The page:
A thin haze lingered out on the horizon that obscured all but the snow-capped peaks of two of the northern Cascades tallest mountains.
Even so, the promise of Mount Grant was clearly visible to many of those assembled on its summit for the May 31 kick-off of a fundraising campaign aimed directly at making its auto-accessible peak and the 141 acres of woodlands that surround it the newest publicly owned nature preserve in San Juan County.
“There’s just too many superlatives,” Cal Ryan said of the view from atop the 710-foot-tall peak.
A San Juan Island resident of 34 years, Ryan, accompanied by wife Mary Karen and son Bobby, and friends, made a first-ever foray to the summit of what long has been a privately owned mountaintop and forested woodlands to see for himself what all the talk was about.
“I’ve never seen the island from this view,” said Ryan, while spying the family’s San Juan Valley farm out in the distance, far below.
Like the Ryans, more and more islanders have become familiar with the unique setting that is Mount Grant, formerly known as Lawson’s Ridge, since the San Juan Preservation Trust and the Land Bank joined forces on a plan to purchase and preserve the property, and then plunked down a $1 million down payment in mid-March on a pending $3 million purchase.
Flanked by Trout Lake to the south and Lawson’s Pond to the north, Mount Grant sits in between Cady Mountain and Mount Dallas. It’s only a smidge smaller than both and its craggily summit offers expansive views in all directions for as far as the eye can see.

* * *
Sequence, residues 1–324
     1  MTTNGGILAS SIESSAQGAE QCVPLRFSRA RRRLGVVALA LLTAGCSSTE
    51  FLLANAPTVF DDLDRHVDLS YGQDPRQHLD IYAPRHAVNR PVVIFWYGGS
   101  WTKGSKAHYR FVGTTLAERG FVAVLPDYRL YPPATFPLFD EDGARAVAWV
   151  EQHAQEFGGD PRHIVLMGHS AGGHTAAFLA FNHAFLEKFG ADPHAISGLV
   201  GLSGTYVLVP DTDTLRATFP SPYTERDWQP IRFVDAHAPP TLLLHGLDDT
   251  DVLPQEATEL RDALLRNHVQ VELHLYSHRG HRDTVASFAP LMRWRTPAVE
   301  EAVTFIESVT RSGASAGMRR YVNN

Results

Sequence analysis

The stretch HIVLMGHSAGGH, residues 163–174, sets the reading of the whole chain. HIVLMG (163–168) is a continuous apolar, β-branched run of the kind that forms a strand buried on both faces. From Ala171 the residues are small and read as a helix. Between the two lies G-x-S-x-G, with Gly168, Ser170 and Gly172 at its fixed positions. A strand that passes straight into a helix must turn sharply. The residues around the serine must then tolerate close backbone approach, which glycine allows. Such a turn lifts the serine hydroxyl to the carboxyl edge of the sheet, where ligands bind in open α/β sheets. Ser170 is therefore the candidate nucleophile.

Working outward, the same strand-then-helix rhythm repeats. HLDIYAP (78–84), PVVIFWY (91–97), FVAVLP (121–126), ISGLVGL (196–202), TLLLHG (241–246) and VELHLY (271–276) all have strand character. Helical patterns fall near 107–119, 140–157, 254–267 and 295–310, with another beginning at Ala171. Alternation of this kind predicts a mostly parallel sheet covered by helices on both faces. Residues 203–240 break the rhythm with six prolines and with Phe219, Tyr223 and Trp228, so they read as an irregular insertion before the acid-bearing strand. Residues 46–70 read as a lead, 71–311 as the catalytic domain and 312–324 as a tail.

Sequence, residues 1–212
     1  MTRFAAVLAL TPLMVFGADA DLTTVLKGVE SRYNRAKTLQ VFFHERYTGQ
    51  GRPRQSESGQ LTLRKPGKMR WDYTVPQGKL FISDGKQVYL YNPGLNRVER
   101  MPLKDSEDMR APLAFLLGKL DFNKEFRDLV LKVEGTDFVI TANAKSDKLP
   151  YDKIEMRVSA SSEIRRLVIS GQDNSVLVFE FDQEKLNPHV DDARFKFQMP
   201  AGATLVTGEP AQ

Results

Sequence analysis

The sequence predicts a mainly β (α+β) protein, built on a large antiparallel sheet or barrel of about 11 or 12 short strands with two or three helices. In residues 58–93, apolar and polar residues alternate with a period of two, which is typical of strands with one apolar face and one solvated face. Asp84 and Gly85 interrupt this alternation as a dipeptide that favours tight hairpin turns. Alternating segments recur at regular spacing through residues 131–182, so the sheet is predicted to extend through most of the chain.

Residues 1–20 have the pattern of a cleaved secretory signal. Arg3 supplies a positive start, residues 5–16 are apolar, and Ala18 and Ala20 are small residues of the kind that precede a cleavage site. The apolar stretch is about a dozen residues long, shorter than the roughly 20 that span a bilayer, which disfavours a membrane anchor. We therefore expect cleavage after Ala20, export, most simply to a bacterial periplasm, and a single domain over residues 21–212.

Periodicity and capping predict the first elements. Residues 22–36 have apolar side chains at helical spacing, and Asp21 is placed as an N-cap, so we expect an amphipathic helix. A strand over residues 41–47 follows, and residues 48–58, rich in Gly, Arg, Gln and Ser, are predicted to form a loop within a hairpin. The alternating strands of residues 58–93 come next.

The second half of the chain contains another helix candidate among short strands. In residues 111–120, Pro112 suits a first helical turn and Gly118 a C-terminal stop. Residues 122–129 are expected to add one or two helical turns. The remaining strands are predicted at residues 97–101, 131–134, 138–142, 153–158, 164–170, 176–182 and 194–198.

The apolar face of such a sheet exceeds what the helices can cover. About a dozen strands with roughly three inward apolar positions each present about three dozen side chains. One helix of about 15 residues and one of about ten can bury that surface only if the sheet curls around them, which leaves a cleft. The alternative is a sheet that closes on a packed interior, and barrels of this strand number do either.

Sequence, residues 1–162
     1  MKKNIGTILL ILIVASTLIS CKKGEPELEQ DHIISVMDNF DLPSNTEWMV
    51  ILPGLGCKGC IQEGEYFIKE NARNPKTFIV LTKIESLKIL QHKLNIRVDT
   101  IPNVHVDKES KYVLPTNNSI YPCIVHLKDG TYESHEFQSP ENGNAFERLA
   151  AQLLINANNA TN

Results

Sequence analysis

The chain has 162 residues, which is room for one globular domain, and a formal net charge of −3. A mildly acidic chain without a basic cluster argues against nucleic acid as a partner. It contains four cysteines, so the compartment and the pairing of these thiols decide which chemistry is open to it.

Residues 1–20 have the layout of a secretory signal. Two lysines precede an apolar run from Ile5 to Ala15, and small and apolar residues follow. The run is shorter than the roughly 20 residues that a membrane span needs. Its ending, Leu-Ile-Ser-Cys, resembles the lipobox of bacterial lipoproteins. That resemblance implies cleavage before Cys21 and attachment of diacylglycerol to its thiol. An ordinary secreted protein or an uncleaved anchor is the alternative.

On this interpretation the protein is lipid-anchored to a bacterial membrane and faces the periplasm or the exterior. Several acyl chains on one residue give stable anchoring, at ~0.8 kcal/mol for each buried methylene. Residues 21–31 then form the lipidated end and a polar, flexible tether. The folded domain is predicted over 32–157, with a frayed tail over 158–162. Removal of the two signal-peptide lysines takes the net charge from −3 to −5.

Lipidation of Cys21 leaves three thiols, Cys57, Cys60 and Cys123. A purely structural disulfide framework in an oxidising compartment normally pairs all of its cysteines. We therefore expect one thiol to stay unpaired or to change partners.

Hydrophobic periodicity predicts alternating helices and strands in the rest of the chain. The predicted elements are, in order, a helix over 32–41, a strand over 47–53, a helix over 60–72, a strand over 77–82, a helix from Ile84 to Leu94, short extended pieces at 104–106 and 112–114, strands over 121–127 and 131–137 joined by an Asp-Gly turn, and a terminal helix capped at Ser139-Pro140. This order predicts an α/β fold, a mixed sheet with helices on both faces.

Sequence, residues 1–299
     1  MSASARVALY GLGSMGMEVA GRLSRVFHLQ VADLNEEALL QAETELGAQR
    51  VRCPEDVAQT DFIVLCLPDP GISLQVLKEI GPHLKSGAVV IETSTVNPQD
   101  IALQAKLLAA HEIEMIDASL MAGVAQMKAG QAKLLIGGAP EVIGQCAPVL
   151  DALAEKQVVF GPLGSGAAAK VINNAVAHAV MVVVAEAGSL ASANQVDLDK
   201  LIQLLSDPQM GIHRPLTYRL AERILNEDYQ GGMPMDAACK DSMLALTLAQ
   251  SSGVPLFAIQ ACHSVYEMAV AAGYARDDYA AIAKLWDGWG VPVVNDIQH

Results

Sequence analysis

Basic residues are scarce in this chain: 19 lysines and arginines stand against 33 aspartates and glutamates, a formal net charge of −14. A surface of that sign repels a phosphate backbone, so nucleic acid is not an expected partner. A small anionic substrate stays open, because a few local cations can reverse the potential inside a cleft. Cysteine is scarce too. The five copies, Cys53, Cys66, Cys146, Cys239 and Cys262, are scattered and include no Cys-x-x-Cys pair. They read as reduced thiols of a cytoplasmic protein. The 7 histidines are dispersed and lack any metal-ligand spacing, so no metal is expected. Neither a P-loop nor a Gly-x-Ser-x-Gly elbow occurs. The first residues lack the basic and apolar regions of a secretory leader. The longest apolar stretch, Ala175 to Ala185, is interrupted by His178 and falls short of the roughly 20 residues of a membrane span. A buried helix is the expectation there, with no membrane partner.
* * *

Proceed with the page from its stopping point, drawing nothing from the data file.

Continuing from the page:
Its peak has been a beacon for clandestine hikers over the years and a series of hiking tails through the woodlands below is part of the plan.
But the truly unique feature offered by Mount Grant is the gravel road that leads to the summit. A vestige of a once-planned-for and partially developed subdivision of 12 lots, it will be a gateway to the peak of a nature preserve, much like the road leading to the top of Orcas Island’s Mount Constitution, for those to whom a hefty hike could prove too much of a challenge.
It’s because of that road that Mount Grant offers something that can’t be found even at the renowned Turtleback Mountain Preserve, Preservation Trust Director Tim Seifert said.
“There are people who’ve never been to the top of Turtleback because they can’t get there,” he said. “People are a big part of these islands and it’s important to have access to some these unique places.”
In addition to the road, hiking trails, mostly undisturbed woodlands and the summit and the 360-degree views, the condition and sheer size of the would-be preserve make the property a one-of-a-kind opportunity, Land Bank Director Lincoln Bormann said.
“It’s one of the last places where we can make a big impact,” he said.
Still, whether such an impact becomes reality rests with the fundraising campaign. The two land conservation agencies face an early September deadline on another installment on a seller-financed loan, followed by another in early 2016.
The Land Bank has committed $1.5 million toward purchase of the property and the Trust is seeking to raise $2.7 million to cover the balance of the sale price and to establish a stewardship fund for restoration and maintenance of the property. To help spark the fundraising campaign, a local family has offered to match up to $500,000 in pledges and donations collected before Sept. 1.
While its promise may be crystal clear, whether Mount Grant joins the fold of the island’s nature preserves remains to be seen.
The Ryan family is allied with those hoping that it will.
“This view is stunning,” Mary Karen Ryan said. “We’re definitely coming back.”
— Editor’s note: The Mount Grant hiking trails are open seven days a week, until dusk. Presently, automobile access is prohibited; however, plans are in the works whereby the road may be open on a certain day of the week, and guided trips to the summit are available for groups by appointment. For info, contact the Land Bank, 360-378-4402.